It’s 24/7. The person wakes up in a bad mood could check-in and get something to do right away.Hfeels gives people the tool to access healthcare support within the comforts of their own home. Click To Tweet
The other aspect also about it is the fact of reaching out for help. In many cases, people are still a little hesitant about that or in a situation where I need the help of a therapist or psychologist. That gives a tool where people can access support within the comfort of their own home. We’re also in control of how they’re dealing and have available tools that they can use whenever they want.
You distributed this through the healthcare providers, insurance and all of the coverage or not coverage or payment and all that’s taken care of by them. You talked about having something where this will go directly to users. Is that something you’re planning and doing?
We’re finalizing all the technology and we’re working on the integration with a healthcare and wellness industry. Also, integrations with other industries like pharma and InsurTech. We’re planning to launch it to B2C. Our first mark is based in Europe. The second city-based is in the US and then Asia. Hopefully, we’ll be in your country soon.
If somebody is in worry too much because of the COVID or whatever. They already have a situation, a diagnosis, and they go back to their healthcare provider and see if this signup thing is available for them. In the future, it will be available for more. Is the volume up on using your services since COVID?
It’s huge. We are working round-the-clock to bring it to the market as soon as possible because the need is there. I believe we can make much impact and help many people. We focus on B2B, healthcare professionals that most of them, they cannot meet with the patients face-to-face. This is about making daily life easier. On the other side, we also look at working with technology to make it available to B2C and then bring that bridge, the gap between these two parties.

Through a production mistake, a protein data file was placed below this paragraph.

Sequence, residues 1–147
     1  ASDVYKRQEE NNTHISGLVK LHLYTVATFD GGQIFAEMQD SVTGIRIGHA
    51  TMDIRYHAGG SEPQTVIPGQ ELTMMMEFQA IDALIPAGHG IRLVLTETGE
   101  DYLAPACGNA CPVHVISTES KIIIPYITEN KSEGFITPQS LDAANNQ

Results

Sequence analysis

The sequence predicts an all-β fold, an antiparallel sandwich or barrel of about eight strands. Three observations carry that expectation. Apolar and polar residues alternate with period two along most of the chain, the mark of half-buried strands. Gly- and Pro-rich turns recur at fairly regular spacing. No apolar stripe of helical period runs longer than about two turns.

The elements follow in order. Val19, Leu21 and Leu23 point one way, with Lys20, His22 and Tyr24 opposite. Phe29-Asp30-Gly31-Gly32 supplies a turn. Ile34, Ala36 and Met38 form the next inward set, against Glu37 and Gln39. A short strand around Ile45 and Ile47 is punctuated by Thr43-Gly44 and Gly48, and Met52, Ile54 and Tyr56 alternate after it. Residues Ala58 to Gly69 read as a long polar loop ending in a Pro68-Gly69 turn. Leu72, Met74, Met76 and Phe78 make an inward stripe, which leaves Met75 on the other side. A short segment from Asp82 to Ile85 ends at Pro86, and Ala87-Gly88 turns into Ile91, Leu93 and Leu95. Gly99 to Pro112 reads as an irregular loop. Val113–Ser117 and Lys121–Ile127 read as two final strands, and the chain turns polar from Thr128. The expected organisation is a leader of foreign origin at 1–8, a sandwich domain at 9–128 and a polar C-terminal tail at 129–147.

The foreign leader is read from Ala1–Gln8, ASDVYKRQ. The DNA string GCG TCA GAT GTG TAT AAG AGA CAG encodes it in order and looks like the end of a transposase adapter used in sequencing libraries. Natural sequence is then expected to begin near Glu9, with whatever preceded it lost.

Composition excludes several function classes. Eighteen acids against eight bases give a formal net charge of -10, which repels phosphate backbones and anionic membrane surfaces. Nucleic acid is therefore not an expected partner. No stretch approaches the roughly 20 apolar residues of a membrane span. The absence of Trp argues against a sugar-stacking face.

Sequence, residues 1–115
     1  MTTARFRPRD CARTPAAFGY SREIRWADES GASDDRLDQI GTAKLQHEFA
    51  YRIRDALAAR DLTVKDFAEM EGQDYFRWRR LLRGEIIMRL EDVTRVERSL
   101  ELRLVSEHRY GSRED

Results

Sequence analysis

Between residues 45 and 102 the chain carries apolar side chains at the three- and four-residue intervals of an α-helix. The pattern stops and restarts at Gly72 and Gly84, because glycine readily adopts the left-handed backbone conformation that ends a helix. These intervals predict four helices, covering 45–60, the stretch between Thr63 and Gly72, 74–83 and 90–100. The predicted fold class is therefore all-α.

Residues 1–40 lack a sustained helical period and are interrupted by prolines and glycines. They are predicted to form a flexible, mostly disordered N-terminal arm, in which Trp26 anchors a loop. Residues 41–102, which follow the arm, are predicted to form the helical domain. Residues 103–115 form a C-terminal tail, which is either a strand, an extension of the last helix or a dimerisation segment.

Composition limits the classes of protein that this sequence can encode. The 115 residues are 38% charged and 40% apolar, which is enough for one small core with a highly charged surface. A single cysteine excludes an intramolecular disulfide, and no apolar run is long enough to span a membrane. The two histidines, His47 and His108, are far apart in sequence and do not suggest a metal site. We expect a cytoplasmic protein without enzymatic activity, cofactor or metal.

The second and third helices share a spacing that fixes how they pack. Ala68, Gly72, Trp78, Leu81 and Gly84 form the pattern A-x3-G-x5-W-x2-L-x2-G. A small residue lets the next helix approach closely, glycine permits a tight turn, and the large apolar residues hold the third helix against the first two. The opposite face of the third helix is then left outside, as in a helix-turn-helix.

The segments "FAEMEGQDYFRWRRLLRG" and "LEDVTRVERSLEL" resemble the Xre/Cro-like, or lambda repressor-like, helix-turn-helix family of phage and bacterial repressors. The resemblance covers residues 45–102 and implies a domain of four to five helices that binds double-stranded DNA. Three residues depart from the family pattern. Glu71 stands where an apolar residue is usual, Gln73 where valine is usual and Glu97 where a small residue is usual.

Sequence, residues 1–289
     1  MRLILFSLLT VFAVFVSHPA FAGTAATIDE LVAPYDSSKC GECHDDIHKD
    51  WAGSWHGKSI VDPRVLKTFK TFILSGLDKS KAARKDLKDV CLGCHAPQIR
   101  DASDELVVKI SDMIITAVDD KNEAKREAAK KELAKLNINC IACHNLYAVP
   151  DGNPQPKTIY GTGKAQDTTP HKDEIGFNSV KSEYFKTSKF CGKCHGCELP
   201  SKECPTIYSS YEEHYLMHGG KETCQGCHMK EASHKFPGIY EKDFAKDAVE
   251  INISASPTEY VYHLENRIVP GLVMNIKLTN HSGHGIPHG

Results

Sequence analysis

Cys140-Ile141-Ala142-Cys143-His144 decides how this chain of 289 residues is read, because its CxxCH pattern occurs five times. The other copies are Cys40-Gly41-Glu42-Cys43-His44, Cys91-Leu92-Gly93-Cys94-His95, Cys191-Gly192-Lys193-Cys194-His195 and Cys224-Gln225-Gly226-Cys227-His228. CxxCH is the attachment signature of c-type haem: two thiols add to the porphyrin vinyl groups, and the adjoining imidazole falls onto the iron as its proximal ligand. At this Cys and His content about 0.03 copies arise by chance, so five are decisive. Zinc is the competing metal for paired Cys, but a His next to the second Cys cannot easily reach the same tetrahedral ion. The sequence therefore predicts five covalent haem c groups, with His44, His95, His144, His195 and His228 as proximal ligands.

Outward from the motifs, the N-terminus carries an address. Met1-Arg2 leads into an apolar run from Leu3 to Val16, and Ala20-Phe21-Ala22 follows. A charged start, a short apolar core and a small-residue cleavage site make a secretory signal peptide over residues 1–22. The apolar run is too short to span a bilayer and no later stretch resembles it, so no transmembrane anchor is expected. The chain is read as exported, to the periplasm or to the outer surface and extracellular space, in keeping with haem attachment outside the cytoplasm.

If somebody needs to know more about you or get a connection to a provider or whatever, is there a place to go? Do you have a website where they can find out about this?
Thank you for coming and speaking with us.
Thank you much, Warren, for the invite. I hope you stay healthy and safe during this crazy time and hopefully, we come up out of this stronger and better than ever.
About Anna Kaczmarska
Anna helps healthcare and wellness providers worldwide to open new business opportunities and develop their innovations. Her vision is to enable healthcare anytime, anywhere and empower people when it comes to their own health decisions, through health tech and patient-centered innovation.
Kaczmarka’s background is international business development and economics with the Harvard degree in Healthcare Innovation. She is also a President of a Medical Marketing Association and Board Member of the Pharmaceutical Association in Spain, UK and Dubai.
She founded the company with a vision to transform healthcare through integration of innovation and optimum patient experience with traditional medical practices to achieve the optimum satisfaction and engagement of patients and doctors.
Passionate about new technologies and health innovation, she dedicates her work to improve patient experience and access to healthcare.